My thesis focuses on witness protective measures at the International Criminal Court (ICC). I The ICC, established by the Rome Statute, is the first permanent international criminal court, which exercises its jurisdiction over persons responsible of genocide, crimes against humanity, war crimes and the crime of aggression.
Article 68 of the Rome Statute reads that “[t]he Court shall take appropriate measures to protect the safety, physical and psychological well-being, dignity and privacy of victims and witnesses”. Being a witness at the ICC is not an easy and painless experience. As the testimony might determine the guilt of the accused, it is not uncommon that some witnesses may be threatened, injured or even killed due to their participation in proceedings. The difficulties witnesses encounter due to their collaboration in international criminal justice might stop them from coming forward to identify the alleged perpetrators of crimes.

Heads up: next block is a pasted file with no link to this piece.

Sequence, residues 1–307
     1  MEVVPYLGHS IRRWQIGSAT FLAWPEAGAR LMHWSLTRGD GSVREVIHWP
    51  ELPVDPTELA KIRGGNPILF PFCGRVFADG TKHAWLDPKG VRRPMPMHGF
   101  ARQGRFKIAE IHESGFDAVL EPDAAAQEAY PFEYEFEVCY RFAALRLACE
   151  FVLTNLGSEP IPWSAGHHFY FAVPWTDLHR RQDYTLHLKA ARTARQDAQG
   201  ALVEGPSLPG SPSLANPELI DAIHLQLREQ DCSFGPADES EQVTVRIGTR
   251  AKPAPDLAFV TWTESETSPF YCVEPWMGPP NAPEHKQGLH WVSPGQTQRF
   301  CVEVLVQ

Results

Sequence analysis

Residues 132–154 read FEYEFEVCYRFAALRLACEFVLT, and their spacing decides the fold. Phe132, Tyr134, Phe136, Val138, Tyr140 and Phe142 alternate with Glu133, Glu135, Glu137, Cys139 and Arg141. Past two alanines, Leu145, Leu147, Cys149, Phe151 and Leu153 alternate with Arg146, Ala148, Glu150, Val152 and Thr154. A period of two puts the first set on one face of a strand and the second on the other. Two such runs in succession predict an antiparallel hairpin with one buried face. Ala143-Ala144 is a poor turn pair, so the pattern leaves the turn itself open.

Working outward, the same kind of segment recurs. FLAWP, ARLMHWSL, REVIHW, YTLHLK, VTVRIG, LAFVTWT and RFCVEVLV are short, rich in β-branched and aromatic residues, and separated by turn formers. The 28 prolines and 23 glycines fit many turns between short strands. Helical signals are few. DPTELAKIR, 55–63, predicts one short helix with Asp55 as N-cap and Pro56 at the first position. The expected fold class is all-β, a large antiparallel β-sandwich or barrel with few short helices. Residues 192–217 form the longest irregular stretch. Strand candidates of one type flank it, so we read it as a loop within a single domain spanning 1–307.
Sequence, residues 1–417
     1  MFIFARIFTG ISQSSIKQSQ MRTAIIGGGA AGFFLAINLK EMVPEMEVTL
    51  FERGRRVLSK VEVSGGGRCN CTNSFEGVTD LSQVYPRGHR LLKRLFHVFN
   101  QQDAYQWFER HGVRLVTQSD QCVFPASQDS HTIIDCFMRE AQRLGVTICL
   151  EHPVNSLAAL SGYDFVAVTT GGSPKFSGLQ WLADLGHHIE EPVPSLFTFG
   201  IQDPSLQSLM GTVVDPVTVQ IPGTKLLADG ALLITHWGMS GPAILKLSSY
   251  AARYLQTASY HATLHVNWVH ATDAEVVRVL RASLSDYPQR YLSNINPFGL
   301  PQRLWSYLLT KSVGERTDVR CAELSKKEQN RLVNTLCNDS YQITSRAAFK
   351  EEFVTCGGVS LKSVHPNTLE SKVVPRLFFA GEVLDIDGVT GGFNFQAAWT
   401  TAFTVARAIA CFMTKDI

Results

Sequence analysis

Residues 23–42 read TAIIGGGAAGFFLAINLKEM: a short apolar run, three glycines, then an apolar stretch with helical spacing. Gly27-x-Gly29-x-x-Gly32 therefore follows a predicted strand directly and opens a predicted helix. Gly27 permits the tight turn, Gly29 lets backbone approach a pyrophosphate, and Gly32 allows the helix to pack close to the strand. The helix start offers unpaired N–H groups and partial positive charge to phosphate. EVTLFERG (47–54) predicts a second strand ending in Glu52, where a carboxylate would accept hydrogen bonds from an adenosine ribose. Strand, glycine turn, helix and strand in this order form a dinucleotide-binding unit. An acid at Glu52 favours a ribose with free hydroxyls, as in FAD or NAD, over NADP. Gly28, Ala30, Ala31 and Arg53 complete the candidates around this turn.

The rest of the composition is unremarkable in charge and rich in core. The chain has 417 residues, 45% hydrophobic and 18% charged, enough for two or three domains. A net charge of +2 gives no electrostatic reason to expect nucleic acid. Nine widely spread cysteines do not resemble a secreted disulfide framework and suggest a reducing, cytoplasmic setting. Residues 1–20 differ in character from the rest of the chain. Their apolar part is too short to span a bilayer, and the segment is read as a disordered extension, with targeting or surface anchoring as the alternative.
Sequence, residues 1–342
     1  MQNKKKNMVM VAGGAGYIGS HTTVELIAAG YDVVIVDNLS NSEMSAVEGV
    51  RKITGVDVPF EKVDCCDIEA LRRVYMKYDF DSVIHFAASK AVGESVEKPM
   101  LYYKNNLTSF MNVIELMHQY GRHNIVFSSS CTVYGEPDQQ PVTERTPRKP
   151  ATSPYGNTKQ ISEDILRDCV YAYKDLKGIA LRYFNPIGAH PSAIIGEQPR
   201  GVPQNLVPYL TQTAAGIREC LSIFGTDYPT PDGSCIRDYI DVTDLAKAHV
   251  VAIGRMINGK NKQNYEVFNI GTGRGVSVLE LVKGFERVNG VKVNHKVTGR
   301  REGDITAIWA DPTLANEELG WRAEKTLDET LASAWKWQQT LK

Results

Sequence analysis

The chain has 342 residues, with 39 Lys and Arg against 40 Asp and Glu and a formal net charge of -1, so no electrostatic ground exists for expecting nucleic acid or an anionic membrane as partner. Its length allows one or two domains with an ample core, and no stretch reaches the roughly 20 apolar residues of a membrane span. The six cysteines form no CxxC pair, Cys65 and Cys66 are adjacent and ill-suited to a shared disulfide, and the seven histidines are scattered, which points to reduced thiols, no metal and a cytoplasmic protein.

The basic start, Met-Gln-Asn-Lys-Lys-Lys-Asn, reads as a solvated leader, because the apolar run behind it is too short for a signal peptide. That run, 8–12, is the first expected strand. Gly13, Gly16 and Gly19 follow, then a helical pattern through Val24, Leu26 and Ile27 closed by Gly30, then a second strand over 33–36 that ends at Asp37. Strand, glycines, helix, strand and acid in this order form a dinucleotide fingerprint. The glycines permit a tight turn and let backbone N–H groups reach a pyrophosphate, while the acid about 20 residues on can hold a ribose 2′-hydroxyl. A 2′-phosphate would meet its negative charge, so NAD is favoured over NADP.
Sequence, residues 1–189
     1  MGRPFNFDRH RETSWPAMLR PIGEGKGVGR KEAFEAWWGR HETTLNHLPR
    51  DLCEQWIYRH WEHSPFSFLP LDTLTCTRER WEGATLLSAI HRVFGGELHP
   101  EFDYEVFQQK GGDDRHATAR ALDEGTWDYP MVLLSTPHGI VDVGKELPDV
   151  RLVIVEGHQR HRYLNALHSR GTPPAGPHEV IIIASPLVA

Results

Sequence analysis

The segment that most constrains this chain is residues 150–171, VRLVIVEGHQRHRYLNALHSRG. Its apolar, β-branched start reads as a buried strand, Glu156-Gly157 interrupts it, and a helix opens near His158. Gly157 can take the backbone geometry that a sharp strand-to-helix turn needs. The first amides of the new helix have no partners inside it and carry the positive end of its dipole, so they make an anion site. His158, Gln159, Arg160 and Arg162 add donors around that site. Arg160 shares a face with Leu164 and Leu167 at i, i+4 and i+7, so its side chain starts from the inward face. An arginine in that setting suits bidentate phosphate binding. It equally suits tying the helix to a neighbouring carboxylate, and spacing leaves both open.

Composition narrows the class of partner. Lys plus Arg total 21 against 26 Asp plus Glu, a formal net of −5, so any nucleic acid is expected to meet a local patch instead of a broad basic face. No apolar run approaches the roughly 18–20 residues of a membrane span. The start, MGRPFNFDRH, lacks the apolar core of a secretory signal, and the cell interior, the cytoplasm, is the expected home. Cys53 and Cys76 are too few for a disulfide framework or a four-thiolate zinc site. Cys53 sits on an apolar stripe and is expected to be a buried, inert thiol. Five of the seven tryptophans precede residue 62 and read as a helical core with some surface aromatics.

For this reason, my thesis aims to provide a critical evaluation of witness protective measures at the ICC in light of human rights law. With this analysis, my thesis assesses whether it is useful to continue or discontinue these measures and whether they need to be changed, dropped or improved.